While I'm going to disagree with a lot of what Derrick Jensen and his co-author Aric McBay have to say, I am in substantial agreement with their central thesis which is that industrial civilization is not sustainable as it currently exists. Whether industrial civilization can be altered to make it sustainable is what is arguable. Personally I believe it can be. Jensen does not.
I'm giving five stars to this book because it is passionately written and full of insights and knowledge that I wish were more widely known and appreciated. Jensen is an extremely knowledgeable and brilliant man. He is also a bitter and angry man. This book is a long polemic against what he sees as the on-going destruction of this planet by an unsustainable industrial society, a society willfully ignorant of what it is doing.
Where I part company with Jensen is in the identification of the underlying problem, which to me is too many people on the planet. For some reason, although he obliquely acknowledges that we have too many people, Jensen deemphasizes the crucial importance of this fact and even ignores it to concentrate on mostly industrial pollution and the destruction of the planet's ecosystems by the industrial machine. Implicit and central to Jensen's understanding is the idea that if you are spending 10 calories of energy for every one calorie of food produced (see pages 339 and 361 for this claim, which I suspect is close to correct) you have a situation that is headed for collapse in a world with 6.5-billion people. If however the same ratio were applied to a world with say half a billion people, it might be sustainable since there would be a surplus of energy available. Of course it would be much better if we were to both reduce our numbers and to employ more economic and sustainable means of subsistence.
"What We Leave Behind" are the waste products of industrialized society. Jensen makes a distinction between the natural wastes from our bodies--including our bodies!--which help to sustain the planet's ecosystems, and the wastes from our industrial machines which mostly do not. These wastes include everything from toxic metals to rank poisons to plastics to spent nuclear materials. He seems to believe that we cannot keep these wastes from harming the planet whereas I believe we can. It is a question of the proper use of technology and a political willingness to do things in a non-polluting and sustainable manner. In part Jensen's cynicism stems from his observation that corporations which account for most of the pollution are psychopathic entities that exist to maximize profits while externalizing costs. That is their nature: they cannot behave otherwise. Externalizing costs means dumping wastes onto somebody else's backyard or onto the laps of future generations. Make no mistake about it: that is what our giant corporations are doing today and have been doing since their inception.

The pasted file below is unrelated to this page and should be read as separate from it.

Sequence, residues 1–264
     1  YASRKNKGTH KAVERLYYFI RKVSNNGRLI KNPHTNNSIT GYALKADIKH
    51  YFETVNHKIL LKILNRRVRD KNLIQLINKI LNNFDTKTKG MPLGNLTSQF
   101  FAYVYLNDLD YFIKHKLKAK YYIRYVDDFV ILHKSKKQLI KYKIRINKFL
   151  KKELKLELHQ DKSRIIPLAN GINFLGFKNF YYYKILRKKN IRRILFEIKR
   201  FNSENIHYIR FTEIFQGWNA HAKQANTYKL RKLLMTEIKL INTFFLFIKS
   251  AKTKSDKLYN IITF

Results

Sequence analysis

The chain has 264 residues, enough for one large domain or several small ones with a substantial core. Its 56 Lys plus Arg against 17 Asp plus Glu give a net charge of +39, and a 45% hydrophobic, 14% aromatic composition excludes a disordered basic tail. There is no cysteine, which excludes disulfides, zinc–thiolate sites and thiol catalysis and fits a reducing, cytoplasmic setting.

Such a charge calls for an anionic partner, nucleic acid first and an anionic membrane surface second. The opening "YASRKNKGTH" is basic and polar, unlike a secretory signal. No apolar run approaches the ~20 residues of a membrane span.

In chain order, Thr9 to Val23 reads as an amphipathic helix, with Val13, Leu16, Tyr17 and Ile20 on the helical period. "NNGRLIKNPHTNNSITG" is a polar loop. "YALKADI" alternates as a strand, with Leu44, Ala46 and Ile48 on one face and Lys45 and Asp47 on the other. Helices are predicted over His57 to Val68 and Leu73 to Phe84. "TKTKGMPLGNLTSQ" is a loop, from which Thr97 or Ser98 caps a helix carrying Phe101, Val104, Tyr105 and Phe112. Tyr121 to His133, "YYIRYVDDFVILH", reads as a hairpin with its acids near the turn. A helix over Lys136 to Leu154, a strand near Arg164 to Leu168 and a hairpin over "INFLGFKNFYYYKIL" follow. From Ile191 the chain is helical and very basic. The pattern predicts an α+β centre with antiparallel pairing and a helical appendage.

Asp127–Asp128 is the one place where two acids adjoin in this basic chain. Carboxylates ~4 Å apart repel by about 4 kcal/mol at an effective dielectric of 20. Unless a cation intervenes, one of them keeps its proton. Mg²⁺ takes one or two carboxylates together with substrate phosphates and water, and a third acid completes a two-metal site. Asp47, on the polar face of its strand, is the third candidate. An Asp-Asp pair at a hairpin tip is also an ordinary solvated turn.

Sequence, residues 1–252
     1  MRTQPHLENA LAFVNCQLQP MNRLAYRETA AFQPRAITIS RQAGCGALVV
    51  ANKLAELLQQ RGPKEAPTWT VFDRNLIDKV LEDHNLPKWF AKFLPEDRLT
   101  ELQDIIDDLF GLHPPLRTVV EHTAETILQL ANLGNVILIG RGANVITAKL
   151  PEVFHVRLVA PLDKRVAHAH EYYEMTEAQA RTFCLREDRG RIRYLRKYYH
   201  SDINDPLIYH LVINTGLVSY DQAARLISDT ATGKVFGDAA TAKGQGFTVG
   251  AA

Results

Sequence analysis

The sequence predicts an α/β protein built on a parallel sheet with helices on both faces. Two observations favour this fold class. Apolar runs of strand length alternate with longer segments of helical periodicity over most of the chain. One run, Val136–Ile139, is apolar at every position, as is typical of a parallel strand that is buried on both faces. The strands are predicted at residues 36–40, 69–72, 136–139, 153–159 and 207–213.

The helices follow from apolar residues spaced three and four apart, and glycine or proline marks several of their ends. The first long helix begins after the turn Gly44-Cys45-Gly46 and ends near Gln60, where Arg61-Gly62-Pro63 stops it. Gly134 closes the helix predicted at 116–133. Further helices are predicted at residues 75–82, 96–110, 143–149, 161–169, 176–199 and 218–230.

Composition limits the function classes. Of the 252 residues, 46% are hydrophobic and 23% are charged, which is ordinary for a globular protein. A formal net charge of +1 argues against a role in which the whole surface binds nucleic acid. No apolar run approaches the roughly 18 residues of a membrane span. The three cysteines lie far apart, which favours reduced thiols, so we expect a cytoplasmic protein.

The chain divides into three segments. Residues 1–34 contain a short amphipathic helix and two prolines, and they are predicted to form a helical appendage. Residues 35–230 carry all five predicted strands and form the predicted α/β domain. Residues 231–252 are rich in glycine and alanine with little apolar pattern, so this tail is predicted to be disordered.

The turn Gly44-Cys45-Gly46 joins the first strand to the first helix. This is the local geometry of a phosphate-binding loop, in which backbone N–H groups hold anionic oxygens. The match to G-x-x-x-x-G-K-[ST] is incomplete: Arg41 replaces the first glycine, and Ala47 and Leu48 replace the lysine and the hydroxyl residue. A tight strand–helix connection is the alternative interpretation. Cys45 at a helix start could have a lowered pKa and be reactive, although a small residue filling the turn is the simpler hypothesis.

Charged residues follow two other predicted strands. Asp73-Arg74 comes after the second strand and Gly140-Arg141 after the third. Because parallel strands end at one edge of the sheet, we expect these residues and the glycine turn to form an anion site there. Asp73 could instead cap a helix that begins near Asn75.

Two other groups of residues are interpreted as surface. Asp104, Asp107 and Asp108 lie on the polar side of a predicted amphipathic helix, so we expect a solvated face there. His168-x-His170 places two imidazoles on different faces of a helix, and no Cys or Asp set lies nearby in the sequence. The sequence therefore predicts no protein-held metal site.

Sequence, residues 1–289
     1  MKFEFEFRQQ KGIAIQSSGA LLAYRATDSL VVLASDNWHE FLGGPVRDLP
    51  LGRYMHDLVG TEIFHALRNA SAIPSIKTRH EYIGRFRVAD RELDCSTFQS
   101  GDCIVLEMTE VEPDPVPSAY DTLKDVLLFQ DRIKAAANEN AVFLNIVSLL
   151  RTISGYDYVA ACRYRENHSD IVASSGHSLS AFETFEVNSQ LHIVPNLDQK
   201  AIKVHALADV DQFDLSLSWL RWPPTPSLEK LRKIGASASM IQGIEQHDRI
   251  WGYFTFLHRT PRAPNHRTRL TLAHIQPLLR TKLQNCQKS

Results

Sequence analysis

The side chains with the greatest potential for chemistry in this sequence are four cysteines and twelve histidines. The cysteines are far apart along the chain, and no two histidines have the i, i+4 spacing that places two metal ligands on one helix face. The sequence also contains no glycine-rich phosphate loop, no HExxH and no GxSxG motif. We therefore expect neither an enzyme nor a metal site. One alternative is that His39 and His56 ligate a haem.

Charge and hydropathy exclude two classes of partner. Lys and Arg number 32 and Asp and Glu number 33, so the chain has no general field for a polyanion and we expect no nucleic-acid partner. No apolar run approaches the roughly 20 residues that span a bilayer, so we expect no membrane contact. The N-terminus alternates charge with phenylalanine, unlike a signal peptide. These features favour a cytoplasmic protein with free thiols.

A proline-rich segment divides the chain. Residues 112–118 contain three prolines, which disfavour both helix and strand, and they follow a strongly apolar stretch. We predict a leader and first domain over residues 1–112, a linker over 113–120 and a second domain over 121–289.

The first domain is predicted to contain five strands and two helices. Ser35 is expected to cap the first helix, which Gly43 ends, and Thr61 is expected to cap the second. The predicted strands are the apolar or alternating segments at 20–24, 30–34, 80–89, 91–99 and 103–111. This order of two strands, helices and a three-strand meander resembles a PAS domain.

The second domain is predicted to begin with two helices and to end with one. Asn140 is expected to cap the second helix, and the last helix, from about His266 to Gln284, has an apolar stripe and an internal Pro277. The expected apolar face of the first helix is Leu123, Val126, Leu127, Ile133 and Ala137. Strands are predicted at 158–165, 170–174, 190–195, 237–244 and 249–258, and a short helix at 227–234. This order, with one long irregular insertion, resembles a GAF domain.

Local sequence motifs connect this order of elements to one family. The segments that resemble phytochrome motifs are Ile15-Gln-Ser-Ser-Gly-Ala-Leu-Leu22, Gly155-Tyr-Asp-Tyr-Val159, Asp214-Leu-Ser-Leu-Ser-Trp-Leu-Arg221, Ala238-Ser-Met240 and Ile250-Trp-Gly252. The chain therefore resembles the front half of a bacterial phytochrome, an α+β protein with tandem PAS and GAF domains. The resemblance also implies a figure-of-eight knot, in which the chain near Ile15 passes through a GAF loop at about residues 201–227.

Let me jump ahead to Jensen's solution. He has a five point plan for resistance in the pen-ultimate chapter, "Fighting Back." I won't outline it here except to mention that for Jensen the goal does indeed justify the means. He wants the culture to be "dismantled completely" (p. 381) and he wants to employ and disrupt the "centralized industrial and economic systems" themselves. (p. 382). He believes that fighting back "means not using violence when it's appropriate to not use violence..." and "using violence when it is appropriate to use violence." (p. 383) Jensen justifies his extreme position with this rationale: "Do you think that Martin Luther King, Jr. would have been so successful if the government hadn't been afraid of Malcolm X?" (p. 397)
Jensen's argument rests on two presumptions, one, that things really are so bad and the planet's situation really so desperate that an overthrow of the system is imperative--now. And two, it is impossible for the system to change by its own accord. Like a junkie, industrial civilization must crash and burn before it has even a glimmer that change is necessary. After rejecting the possibility of a sustainable "technotopia"--a society in which technology is used in a sustainable way--Jensen comes to what he considers is most likely to happen: collapse. He recalls that Rome collapsed because it ran out of people and resources to exploit. He sees the same thing happening to industrial civilization. In this I think he may very well be correct because of the short-sightedness of our leaders and our institutions that are unable to look much past the next quarter's economic numbers.
Jensen argues that it is not enough to conserve energy and recycle wastes as individuals. Most of the waste and pollution comes from industry itself, as Jensen points out, not from individuals. His clarion call is nothing less than a call to revolution. I think this is correct (and probably inevitable) when the situation is truly desperate. But to take arms against the system when one's belly is full one must have the true believer's mentality, which in this case is the system will not change without the use of force. If there is a revolution against industrial civilization I suspect it will come from without, from those people in the exploited world who may very well be going to bed hungry and who have little to lose. In fact we may be seeing the scattered, disconnected and sporadic beginnings of a planetary revolution in the acts of terrorism that are today instigated by religious extremists. When the Vandals crash through the gates, we'll know. Until then it's unlikely that people in the industrialized world are going to heed Jensen's call to arms.
What I hope happens is that we have enough far-sighted, aware and educated people to bring about a change without having to go through the horrors of collapse or revolution. History suggests however that I am wrong and that Jensen is right.
Read or not read this extraordinary book at your peril.